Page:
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Martin Grove’s Hollywood Report 01-24-11


 
“The Social Network”

“The Social Network”

Jeff Bridges in “The King’s Speech”

“The King’s Speech”

“The Fighter”

“The Fighter”

Producer Power: Although at first glance the Producers Guild of America’s best picture award last weekend to “The King’s Speech” seemed like an amazing surprise, the shock’s worn off and it now seems totally logical.

In fact, the PGA’s decision may well point to an upset victory for The Weinstein Company’s British underdog biographical drama in the Oscar Best Picture race vs. Sony’s frontrunner biographical drama “The Social Network.”

How so? Well, to begin with the PGA is demographically similar to the Academy — its membership is mostly older and mostly males. It’s an older demo than many of the other awards givers who have been busy honoring “Social.”

The world of social networking and Internet tweeting and texting is like a foreign country to many Academy members and that may also be true of some PGA voters. These groups include older members who aren’t even comfortable using e-mail yet alone maneuvering through the choppy relationship waters of Facebook. As a result, “Social” may not resonate quite as well with them as it does with younger awards givers, including many critics across the country.

The PGA’s Darryl F. Zanuck Producer of the Year Award in Theatrical Motion Pictures, as the award’s officially known, is a particularly good bellwether for the Oscars. Not only does the PGA’S older male membership mirror the Academy crowd pretty well, but it also determines its winners based on a preferential voting system — more weight is attached to voters’ top choices — and it also has a field of 10 nominees (unlike the Golden Globes, which still has five best picture - drama nominees).

Last year, for those who’ve already forgotten, “Avatar” looked like the kind of picture the Hollywood establishment was certain to honor — a huge boxoffice success from a high profile older male filmmaker that had a major impact on the film industry and pushed the envelope technically.

“Avatar” was perceived as an important movie and many observers believe Academy voters like to honor as Best Picture films that can be considered “important.” Moreover, it was also the kind of movie that members of the PGA and the Academy actually tend to work on, themselves.

But to everyone’s surprise, the producers didn’t anoint “Avatar” as the Hollywood Foreign Press Association did at the Globes. Instead, the PGA celebrated the small indie drama “The Hurt Locker,” knocking the wind out of “Avatar’s” sails. There were those who insisted the PGA was just a bump in the road and “Avatar” would go the distance. But, of course, it was “Hurt” that went on to win the Best Picture Oscar.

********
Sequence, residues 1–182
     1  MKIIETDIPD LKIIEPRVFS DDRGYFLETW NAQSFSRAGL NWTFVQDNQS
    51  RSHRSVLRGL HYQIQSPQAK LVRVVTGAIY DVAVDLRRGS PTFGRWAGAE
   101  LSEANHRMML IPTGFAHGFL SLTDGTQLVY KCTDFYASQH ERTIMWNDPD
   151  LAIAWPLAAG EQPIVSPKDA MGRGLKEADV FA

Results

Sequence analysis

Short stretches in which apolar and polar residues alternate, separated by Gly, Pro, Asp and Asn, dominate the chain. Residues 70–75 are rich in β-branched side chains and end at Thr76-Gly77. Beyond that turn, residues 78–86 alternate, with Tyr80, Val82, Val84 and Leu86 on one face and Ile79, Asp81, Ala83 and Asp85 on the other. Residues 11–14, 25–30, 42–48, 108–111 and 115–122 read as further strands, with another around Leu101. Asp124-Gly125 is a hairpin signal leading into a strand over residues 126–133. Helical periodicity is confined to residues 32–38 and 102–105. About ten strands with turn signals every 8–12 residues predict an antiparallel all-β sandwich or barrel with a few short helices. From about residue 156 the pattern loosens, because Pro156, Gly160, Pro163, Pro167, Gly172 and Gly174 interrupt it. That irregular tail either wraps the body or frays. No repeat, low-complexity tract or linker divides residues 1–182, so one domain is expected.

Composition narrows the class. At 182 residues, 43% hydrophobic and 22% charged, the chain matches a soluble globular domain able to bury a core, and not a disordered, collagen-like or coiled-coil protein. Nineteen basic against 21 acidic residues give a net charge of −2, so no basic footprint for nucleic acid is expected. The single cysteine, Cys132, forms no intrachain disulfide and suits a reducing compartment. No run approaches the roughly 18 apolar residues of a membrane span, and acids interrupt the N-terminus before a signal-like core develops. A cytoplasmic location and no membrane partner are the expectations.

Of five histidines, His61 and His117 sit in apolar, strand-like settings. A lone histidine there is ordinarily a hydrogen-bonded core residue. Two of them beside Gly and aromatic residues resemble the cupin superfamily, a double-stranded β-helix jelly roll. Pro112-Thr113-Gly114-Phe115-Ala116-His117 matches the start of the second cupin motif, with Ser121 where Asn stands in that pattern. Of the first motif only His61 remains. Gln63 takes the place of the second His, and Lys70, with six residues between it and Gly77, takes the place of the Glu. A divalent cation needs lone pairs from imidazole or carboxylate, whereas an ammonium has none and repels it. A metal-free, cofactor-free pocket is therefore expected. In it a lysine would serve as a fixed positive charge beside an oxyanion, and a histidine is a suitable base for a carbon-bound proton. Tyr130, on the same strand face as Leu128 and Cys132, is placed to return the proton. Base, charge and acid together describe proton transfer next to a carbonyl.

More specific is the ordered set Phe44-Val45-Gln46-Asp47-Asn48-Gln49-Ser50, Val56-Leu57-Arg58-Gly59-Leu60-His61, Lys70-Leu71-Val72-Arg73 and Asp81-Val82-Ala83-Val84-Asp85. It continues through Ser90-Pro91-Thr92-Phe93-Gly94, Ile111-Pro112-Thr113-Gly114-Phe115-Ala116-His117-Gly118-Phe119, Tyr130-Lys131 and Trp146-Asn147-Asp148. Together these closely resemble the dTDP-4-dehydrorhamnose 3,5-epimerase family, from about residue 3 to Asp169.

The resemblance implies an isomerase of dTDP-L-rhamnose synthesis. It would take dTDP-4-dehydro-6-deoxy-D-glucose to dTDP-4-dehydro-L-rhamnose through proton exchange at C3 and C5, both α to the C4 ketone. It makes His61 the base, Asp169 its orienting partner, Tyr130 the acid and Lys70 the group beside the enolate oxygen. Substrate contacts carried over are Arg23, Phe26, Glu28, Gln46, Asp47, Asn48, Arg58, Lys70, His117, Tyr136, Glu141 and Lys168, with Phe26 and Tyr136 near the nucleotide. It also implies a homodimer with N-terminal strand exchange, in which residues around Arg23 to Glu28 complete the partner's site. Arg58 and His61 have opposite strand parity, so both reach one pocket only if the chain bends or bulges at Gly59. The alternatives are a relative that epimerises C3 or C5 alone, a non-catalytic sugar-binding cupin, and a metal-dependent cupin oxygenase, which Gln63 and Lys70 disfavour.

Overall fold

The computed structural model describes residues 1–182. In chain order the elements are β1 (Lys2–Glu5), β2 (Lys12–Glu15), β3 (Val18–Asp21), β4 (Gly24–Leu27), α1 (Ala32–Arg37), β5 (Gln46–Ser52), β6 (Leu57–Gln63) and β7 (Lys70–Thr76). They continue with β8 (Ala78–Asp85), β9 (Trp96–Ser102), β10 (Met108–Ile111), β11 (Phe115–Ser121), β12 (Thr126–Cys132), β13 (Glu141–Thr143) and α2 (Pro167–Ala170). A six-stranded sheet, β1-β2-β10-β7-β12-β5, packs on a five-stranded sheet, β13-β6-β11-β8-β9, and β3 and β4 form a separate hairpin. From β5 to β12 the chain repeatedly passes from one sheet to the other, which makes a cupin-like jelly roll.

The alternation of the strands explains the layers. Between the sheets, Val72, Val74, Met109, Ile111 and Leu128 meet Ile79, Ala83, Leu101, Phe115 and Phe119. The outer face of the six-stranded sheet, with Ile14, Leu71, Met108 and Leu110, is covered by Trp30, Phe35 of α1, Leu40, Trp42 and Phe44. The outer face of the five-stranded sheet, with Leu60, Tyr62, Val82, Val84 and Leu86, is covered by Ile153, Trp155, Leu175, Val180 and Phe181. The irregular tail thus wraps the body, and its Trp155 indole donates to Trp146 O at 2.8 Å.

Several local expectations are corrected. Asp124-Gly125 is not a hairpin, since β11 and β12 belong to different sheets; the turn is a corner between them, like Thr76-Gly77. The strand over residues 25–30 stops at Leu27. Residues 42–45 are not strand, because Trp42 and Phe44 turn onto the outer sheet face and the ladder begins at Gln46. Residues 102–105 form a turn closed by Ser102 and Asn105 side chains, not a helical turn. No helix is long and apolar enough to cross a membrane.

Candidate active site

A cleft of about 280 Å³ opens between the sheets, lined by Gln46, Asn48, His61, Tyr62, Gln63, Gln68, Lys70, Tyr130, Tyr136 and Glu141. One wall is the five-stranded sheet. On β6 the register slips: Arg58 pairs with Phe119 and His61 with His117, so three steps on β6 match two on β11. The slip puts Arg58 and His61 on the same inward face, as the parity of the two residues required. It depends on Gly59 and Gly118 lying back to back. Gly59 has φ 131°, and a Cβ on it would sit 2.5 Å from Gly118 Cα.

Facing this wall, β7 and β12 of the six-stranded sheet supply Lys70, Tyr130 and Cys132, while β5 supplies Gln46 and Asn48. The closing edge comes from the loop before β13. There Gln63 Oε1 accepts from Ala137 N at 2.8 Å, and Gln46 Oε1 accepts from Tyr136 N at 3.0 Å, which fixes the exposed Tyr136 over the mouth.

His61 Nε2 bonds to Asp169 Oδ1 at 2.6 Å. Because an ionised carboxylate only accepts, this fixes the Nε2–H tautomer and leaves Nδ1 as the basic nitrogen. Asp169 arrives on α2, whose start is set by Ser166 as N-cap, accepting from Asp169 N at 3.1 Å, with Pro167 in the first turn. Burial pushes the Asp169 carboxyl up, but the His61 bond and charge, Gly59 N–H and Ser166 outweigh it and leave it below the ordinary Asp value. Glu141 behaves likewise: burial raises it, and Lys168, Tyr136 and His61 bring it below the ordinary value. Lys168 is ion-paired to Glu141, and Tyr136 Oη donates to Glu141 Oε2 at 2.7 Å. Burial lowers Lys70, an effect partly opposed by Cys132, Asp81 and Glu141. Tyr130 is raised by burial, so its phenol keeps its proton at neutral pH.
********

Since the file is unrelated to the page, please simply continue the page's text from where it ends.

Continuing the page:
Historically, the PGA and the Oscars have matched up on the best picture front 13 times over the last 21 years, which suggests they share the same criteria for what’s “best.” Of course, many PGA members are also members of the Academy’s producers’ branch and that overlap doesn’t hurt.

In all likelihood, Oscar’s 10 best picture nominees will be the same as the PGA’s 10 — “127 Hours,” “Black Swan,” “Inception,” “The Fighter,” “The Kids Are All Right,” “The King’s Speech,” “The Social Network,” “The Town,” “Toy Story 3” and “True Grit.” It’s not easy to come up with a respectable list of 10 titles worthy of consideration as the year’s best picture and I don’t think they missed anything (although some insiders are speculating about a “Winter’s Bone” nomination).

Looking ahead, all eyes will be on the Screen Actors Guild’s best ensemble cast award when it’s handed out Sunday. Actors make up the Academy’s largest branch so the SAG results are definitely a good indicator of how the acting branch is likely to vote. This could be a second strike for “Social” since the one area the picture’s been weak in has been on the acting awards front.

I liked Jesse Eisenberg’s lead actor performance in “Social” very much, but it hasn’t been resonating with awards givers nor have the film’s supporting actor performances (very good ones by Andrew Garfield and Armie Hammer). Moreover, “Social” doesn’t have a lead actress or any supporting actress performances with enough weight in the film to attract serious awards attention (not even Rooney Mara, who’s excellent). As a result, “Social’s” strength has been on the directing and writing front to date.

“King’s” with its strong lead actor performance by Colin Firth (who won the best actor - drama Globe) and its solid supporting actor performance by Geoffrey Rush plus its key supporting actress performance by Helena Bonham Carter gives it a very good shot at SAG ensemble honors.

SAG also could endorse Paramount and Relativity Media’s “The Fighter,” which has easy-to-vote for performances by Mark Wahlberg (lead actor), Globe supporting actor winner Christian Bale (a very showy supporting actor role), Globe supporting actress winner Melissa Leo (a very showy supporting actress role) and Amy Adams (supporting actress). No doubt that there’s a terrific ensemble cast there.

If SAG goes for “King’s” or “Fighter” — “Black Swan” and “The Kids Are All Right” are the other nominees, but they’re pretty much identified with lead performances by Natalie Portman and Annette Bening, respectively — that could send some of the pundits back to the drawing board who’ve been saying “Social” has a lock on winning the best picture Oscar.

Next up: Oscar noms!